Technics Collaborates with Red Bull for Limited Edition SL-1210MK7R Turntable
Technics has just released its Red Bull collaboration turntable dubbed the SL-1210MK7R. Some will say it’s turntable bling - we say its sassy.
We’re talking about Technics collaboration with Red Bull BC One, the world’s biggest breakdance outfit. Turntable traditionalists who adore the standard Technics SL-1210 turntable will no doubt divide into two camps: those that love the pimped up Red Bull One version and, those that don’t.
The point is, the SL-1210MK7R (R for Red Bull) was conceived to celebrate hip-hop culture and as we all know that culture is rich in musical history and very, very loud and proud.
Which, unsurprisingly is just what the new turntable pitches with its bright red headshell and gold tonearm wand. As for the black and gold platter mat almost entirely covered with the red and gold Red Bull BC One logo, well that’s inspired.
Elsewhere, should you be wondering, the SL-1210MK7R is a genuine SL-1210 turntable with some additional tech features that are really worthwhile, sonically speaking.
A direct drive model that sees the spindle driven by the motor underneath and no belt of any kind to be seen, the SL-1210MK7R has been fitted with what Technics calls “a coreless stator” which means this model’s direct drive motor is coreless.
In the past, direct drive turntables have been accused of a glitch called “cogging” which refers to rotation irregularity, a problem that many audiophiles say is audible. No more.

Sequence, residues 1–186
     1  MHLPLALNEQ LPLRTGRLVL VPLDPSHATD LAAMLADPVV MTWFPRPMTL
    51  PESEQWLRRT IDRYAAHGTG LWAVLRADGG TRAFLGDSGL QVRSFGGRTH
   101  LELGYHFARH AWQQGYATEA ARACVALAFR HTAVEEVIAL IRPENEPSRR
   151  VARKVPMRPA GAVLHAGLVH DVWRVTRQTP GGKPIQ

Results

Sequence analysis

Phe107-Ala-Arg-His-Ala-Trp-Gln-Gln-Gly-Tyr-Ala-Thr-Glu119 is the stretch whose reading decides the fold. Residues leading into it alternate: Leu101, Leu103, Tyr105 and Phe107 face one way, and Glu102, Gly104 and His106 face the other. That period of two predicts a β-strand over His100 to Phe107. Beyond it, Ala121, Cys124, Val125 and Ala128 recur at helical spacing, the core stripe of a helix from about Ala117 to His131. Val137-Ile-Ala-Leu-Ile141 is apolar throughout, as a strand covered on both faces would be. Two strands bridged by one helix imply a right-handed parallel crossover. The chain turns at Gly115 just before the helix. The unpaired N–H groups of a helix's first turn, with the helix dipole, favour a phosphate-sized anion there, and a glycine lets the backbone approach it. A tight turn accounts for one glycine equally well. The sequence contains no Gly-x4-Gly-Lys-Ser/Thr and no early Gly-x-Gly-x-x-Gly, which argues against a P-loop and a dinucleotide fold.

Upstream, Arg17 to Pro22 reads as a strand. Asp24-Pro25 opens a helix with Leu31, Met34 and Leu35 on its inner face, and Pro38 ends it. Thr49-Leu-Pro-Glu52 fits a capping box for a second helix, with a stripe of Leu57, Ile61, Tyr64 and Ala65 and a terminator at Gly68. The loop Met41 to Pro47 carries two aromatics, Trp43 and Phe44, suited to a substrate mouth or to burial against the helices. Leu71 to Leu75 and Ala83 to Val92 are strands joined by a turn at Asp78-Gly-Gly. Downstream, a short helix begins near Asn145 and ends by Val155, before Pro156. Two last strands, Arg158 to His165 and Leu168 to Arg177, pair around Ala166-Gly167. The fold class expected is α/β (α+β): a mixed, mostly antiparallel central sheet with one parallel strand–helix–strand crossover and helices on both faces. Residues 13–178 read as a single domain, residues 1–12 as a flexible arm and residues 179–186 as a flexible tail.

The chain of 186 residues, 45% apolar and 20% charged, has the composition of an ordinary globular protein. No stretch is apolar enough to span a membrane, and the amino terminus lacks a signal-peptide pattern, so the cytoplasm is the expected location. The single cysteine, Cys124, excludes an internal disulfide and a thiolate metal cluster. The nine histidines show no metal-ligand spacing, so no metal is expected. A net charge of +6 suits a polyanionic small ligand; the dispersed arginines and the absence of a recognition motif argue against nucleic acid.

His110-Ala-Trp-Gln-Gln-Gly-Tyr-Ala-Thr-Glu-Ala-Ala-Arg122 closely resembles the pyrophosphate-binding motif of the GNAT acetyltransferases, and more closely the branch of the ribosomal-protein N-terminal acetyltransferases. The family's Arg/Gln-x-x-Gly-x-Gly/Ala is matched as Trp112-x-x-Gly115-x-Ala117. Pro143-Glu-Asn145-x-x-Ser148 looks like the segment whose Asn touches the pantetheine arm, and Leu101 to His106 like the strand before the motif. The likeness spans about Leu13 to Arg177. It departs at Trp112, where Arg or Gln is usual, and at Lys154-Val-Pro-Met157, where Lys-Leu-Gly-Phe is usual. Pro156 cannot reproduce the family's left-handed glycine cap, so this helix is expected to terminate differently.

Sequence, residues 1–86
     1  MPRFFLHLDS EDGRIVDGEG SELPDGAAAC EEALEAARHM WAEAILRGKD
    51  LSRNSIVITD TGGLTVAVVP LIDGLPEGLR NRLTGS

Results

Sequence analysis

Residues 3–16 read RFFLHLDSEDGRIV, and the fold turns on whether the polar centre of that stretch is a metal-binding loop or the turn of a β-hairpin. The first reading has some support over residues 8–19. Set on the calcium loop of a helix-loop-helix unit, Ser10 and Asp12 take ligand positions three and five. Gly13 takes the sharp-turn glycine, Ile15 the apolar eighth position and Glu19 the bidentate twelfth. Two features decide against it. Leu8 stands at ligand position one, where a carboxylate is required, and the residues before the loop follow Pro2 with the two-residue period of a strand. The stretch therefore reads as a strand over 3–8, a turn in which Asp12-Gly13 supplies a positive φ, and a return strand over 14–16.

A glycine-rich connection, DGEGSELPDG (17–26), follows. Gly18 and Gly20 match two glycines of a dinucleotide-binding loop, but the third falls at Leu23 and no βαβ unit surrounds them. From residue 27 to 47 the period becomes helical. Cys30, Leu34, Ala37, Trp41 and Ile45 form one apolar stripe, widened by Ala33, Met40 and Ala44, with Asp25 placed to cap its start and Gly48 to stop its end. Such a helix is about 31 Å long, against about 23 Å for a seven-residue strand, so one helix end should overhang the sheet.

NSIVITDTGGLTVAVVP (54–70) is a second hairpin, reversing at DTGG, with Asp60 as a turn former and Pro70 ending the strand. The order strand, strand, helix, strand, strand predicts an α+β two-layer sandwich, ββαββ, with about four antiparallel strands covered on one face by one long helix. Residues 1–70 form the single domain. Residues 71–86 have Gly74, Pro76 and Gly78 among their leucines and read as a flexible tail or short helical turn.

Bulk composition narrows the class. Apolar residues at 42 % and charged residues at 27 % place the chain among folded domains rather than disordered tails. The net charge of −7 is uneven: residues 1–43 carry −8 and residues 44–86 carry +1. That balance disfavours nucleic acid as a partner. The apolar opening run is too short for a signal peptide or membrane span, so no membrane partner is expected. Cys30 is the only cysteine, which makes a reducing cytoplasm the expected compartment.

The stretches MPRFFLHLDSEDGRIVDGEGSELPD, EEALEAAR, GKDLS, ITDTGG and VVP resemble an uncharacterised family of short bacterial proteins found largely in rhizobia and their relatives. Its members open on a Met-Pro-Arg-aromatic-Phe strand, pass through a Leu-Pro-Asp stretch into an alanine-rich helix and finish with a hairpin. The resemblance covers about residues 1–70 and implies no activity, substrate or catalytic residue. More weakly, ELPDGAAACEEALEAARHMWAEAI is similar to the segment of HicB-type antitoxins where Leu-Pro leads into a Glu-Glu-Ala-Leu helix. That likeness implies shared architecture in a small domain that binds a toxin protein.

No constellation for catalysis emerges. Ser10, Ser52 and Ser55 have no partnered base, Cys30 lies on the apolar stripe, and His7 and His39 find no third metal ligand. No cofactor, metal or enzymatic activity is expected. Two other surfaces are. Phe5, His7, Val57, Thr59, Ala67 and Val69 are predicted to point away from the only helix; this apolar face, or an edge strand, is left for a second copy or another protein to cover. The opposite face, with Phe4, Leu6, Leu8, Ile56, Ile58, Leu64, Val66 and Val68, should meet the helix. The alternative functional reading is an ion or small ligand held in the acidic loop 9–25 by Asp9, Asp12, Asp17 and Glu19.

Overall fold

Sonic performance has also been enhanced by giving the new turntable a platter with a two-layered structure with dampening rubber on all of the back surface to reduce resonances in the aluminium die-cast platter.
The new turntable’s die-cast chassis is also heavily dampened using a special material made from ABS mixed with glass fibre to end up with a two-layer construction.
The SL-1210MK7R’s tonearm composition is lightweight, low mass, high-rigidity aluminium. Bearings chosen are gimbal, and these hard-wearing bearings are housed in a machined housing.
Ease of use was paramount when designing the cable housekeeping for the new turntable. Technics intelligently chose to opt for detachable power and phono cables.
Torque and brake speed, the bane of DJ play style users, has also been addressed by using motor control technology refined by the development of Blu-ray discs. Both can be adjusted to suit any user’s preference. Pitch control can also be fine-tuned for 33 1/3, 45 or 78 rpm.
But the one feature prized by DJ play style users is a Reverse Play Function (RPF). And yes, this new Technics vinyl spinner has RPF speed selector which can be engaged by pressing its button and Start/Stop button at the same time.
And for those that like to see what their turntable’s stylus tip is doing, Technics has employed a very-bright, long-life LED that gives users much better visibility at the pointy end of their turntable.
The new Technics SL-1210MK7R is available now and sells in Australia for $2,099 RRP.
One of the veterans of the Australian HiFi industry, Peter was formerly the Audio-Video Editor of the Herald Sun for over two decades. One of the most-respected audio journalists in Australia, Peter brings his unparalleled experience and a unique story-telling ability to StereoNET.